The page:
A survey of the great American art form, Jazz, covering styles from 1920 to the present. We will bring the music and main movers and shakers to life through readings, intensive study of recordings, videos and class lectures. Several topics are studied in depth: listening to Jazz, the quality of swing, group interaction, the development of solo improvisation, the blues, and the evolution of jazz performance practice. As a life-long Jazz musician, the instructor hopes to also provide a behind-the-scenes viewpoint of how the music works, what inspires Jazz musicians, and how performers acquire the necessary expertise to thrive in this improvisational world. Students will write several short papers including an artist vignette, a blues lyric assignment, two track reviews and two live performance reviews. There will be mid-term and final exams that have both written and listening components. Weekly Listening Reactions enhance auditory perception. Students who successfully complete this seminar will receive course credit for MUSI 161 and satisfy one half of the Human Thought and Expression area of inquiry requirement.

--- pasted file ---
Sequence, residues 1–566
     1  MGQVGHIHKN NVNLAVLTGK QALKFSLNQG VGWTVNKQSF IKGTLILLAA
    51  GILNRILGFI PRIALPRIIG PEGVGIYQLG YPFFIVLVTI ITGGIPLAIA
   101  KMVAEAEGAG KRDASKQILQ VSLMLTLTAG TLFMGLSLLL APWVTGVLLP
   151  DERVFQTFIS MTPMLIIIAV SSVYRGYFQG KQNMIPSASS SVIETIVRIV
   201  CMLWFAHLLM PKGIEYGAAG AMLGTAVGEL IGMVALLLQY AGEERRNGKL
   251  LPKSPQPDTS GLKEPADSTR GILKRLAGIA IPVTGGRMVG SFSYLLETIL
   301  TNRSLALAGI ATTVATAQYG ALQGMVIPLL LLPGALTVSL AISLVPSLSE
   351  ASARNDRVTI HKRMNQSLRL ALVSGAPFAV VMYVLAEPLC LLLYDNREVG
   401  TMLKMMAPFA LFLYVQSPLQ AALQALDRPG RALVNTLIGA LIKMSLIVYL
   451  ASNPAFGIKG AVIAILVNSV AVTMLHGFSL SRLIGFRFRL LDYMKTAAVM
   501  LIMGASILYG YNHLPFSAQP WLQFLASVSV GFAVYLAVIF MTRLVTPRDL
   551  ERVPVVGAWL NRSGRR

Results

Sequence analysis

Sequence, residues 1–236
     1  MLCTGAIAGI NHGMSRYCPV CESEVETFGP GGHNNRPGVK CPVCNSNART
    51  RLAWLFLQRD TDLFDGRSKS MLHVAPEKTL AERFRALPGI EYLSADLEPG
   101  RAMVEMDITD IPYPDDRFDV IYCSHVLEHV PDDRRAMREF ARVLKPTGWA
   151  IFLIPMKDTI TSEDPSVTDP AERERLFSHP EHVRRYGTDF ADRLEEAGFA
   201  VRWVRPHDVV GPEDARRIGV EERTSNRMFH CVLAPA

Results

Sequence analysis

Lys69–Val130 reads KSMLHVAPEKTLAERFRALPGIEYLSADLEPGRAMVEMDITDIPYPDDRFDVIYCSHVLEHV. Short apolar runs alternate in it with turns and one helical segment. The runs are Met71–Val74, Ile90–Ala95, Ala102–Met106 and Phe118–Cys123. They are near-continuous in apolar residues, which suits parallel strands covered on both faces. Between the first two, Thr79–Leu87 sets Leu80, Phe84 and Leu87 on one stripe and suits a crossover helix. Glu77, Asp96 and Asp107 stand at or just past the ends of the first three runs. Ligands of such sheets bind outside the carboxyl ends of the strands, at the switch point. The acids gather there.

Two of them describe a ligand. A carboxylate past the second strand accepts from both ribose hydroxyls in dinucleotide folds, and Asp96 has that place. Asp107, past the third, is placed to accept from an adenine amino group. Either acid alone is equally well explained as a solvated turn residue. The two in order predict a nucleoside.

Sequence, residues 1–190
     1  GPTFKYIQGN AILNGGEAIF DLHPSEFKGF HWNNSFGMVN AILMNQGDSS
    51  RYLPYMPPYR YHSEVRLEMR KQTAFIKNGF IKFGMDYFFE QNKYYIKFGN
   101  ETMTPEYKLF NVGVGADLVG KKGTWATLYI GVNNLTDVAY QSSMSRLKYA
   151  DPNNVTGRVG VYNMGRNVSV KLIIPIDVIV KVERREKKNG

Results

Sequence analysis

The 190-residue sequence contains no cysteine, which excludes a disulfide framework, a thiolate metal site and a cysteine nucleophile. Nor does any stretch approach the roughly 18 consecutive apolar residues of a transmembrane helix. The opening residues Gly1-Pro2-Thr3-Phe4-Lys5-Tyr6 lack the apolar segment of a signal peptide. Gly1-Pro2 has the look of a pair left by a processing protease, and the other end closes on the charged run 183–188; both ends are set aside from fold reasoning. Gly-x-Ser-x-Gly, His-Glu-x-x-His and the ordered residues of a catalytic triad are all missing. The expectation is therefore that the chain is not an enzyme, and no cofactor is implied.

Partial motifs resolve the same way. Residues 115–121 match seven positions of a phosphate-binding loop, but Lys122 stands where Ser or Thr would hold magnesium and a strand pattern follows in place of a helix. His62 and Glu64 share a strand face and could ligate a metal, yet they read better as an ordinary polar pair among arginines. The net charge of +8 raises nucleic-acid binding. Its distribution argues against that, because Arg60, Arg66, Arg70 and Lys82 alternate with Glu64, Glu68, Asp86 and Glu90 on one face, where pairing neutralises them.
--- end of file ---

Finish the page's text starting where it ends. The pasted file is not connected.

Glenn Cashman’s scholarly interests are connected to his ongoing Jazz activities, primarily in Los Angeles and Japan as a performer on saxophone, organ, and composer for his nonet, sextet, and quartet.